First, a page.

So the actual flight itself was later the same day, January 23rd, and lasted two hours and 30 minutes.  I have a note here, “2:04, off tow — off tow.  Two notches.”  In other words, I notched the barograph once and felt that it wasn’t really a good indication and notched the barograph again, a little deeper — but none of this 12 G business.  And the barograph record is very clear.  And the barograph was calibrated.  And the high point was 30,800 feet, with a low at the bottom of the second notch — was at 14,000 feet, so 14,000 feet up to 30,800, a gain of 16,800, which was enough to achieve a Diamond.

But it was much more interesting than that rather prosaic description is.  Because I found that, as I climbed in the wave, which was very enjoyable…  Once you’ve gone through the rotor, the wave itself is beautifully smooth.  However, the canopy began to frost up.  And I found that I was feeling dizzy, somewhat of a difficult situation, alone at high altitude in a glider.  But the oxygen system had what was called a blinker, that you could see that you were getting oxygen.  Because as you inhaled, the blinker would open.  And then it would close again, when you exhaled.  And so it will go (inhales) open, (exhales) close‑‑ (inhales) open, (exhales) close.  And you could then see that you were getting oxygen.  And you could also determine your rate of respiration.  So one of the possibilities was that I was dizzy because I was hyperventilating, and I’m getting rid of CO too much.  But I was breathing at a normal rate.  There was no indication of hyperventilation.  And so I began to wonder, “Well, what could it be?”  And then I thought, “Well, it’s because I’m frosted up, the canopy is frosted up and I’m keeping my wings level by looking out of a little space on the left canopy that is not frosted, and on the right side of the canopy.  So I’m moving my head from left to right to keep the wings level.  And I’m just moving my head too quickly, that I’m making myself dizzy by just moving my head rapidly.”  So I just said to myself, “Well, slow down with your head movement.” And when I did that, I ceased to be dizzy.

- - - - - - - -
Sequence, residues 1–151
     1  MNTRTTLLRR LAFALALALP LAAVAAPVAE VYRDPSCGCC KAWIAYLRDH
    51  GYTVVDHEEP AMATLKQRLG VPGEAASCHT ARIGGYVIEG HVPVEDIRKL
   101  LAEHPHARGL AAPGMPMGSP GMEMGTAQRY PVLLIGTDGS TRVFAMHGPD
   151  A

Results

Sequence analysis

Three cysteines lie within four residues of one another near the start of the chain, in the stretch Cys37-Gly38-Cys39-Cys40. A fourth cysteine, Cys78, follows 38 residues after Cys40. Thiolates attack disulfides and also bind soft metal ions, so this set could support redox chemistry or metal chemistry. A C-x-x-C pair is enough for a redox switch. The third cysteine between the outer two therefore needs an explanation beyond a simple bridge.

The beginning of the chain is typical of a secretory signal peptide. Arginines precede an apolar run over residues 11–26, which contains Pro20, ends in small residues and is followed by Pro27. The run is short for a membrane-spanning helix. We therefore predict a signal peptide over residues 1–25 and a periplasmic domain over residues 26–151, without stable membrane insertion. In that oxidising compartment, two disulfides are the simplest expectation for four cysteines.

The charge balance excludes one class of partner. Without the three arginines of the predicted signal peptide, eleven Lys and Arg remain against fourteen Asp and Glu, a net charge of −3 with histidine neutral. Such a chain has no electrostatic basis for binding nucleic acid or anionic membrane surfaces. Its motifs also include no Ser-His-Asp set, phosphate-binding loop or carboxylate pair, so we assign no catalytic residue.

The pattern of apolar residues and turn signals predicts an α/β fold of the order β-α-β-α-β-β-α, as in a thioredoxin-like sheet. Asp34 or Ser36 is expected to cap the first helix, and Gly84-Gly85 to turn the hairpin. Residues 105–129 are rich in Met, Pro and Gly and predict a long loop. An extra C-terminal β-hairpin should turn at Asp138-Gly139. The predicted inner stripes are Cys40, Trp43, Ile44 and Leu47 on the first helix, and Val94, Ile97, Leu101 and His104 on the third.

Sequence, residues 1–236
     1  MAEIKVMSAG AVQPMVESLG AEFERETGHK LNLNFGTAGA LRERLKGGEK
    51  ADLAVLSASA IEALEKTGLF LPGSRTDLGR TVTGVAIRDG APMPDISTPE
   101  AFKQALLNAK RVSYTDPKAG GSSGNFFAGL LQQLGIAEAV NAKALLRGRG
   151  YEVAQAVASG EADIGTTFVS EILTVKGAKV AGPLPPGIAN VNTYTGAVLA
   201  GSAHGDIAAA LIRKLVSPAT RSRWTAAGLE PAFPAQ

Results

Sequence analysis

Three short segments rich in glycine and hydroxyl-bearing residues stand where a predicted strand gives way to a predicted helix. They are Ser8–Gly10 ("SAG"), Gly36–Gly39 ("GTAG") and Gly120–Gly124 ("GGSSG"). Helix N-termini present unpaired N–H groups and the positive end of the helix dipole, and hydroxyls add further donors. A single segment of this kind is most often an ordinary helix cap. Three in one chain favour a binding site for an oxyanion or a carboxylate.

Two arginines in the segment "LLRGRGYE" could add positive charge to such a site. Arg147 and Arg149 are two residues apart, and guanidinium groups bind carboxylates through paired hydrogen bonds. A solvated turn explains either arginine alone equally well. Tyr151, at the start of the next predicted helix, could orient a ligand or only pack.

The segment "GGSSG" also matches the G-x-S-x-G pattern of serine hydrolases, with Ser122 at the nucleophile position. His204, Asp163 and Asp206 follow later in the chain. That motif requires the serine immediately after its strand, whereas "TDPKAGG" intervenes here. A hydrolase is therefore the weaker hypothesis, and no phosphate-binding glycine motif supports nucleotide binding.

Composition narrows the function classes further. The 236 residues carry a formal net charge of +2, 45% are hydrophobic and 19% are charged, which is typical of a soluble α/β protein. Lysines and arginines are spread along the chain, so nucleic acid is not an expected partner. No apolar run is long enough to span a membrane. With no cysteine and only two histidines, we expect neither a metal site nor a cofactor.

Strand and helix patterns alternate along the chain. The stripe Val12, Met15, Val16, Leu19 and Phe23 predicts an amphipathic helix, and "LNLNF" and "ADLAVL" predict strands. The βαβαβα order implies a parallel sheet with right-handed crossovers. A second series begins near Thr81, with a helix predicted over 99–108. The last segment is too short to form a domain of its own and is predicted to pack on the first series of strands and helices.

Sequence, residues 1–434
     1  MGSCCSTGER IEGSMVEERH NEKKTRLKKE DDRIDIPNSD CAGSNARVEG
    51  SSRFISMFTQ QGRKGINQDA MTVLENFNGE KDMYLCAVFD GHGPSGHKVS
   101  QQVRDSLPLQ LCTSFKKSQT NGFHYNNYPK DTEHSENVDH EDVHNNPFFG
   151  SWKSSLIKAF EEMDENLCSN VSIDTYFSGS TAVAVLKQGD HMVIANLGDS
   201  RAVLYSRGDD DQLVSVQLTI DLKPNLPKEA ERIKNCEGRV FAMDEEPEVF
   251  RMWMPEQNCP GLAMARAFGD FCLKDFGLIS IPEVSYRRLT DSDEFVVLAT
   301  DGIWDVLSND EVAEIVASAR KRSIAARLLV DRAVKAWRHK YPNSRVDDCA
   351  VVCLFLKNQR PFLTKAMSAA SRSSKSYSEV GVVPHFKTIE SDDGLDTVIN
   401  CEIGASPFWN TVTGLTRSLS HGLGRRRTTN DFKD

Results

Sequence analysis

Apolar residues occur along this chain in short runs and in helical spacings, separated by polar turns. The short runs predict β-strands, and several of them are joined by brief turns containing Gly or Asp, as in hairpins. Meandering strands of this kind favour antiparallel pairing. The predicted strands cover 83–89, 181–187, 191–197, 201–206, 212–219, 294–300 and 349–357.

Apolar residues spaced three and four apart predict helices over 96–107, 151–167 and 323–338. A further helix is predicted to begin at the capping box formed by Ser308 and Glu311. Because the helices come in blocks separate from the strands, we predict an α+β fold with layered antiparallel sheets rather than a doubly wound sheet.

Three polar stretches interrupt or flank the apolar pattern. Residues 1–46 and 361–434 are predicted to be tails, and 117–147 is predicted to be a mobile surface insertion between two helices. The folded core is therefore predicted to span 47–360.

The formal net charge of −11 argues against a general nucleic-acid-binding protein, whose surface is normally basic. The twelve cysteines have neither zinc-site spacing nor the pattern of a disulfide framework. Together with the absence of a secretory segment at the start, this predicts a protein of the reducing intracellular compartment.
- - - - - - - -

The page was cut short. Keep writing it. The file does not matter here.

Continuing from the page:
But I’m still there now, frosted up.  I can’t see out, except through the side of the canopy.  And eventually, the wave peters out and, although I stayed at altitude for quite a long time, it was clear that I couldn’t get any higher.  And so now, how to go home?  Well, I can’t see out very well.  And so I thought, “Well, I’ll use the compass and I’ll fly back using the compass and get down to altitude where it will thaw.”  But I looked at the compass and found that the compass was frozen.  And so I couldn’t use the compass anymore for direction.  And then I realized that I could tell from the sun…  Although I can’t see the sun, I can see, from the light on the canopy, when I’m facing the sun and when I’m not facing the sun.  So knowing the time of day, I know approximately which direction to fly in order to get back towards home.  So using the light of the sun, I was able to fly back home.  And, of course, at a lower altitude, the frost disappeared and the flight was continued to a successful conclusion.  So my notes convey a little bit of that.  “Two notches and climbed in moderate wave to about 28,000, then slowly to 38,400 on the altimeter” — 38,800 actual, by the barograph ‑‑ “And frosting over fairly extensively, with some loss of orientation.  Tried for about 30 minutes to stay up but had to quit “but recovered over the Air Force Academy and descended OK on the ground. So it was an exciting day and one that I remember very vividly.  Great adventure.


Chapter 14: “Hawks” >>